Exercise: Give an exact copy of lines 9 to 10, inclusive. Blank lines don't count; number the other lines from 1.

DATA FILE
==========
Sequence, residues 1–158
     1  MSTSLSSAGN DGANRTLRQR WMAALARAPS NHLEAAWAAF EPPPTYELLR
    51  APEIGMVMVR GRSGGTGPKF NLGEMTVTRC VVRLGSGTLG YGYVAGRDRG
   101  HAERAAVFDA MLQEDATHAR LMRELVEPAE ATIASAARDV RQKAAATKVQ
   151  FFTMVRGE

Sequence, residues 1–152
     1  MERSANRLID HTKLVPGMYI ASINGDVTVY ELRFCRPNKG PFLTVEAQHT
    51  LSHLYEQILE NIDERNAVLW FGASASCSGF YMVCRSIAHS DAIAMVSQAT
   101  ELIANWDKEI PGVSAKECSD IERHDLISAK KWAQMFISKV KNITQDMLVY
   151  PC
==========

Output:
   101  ELIANWDKEI PGVSAKECSD IERHDLISAK KWAQMFISKV KNITQDMLVY
   151  PC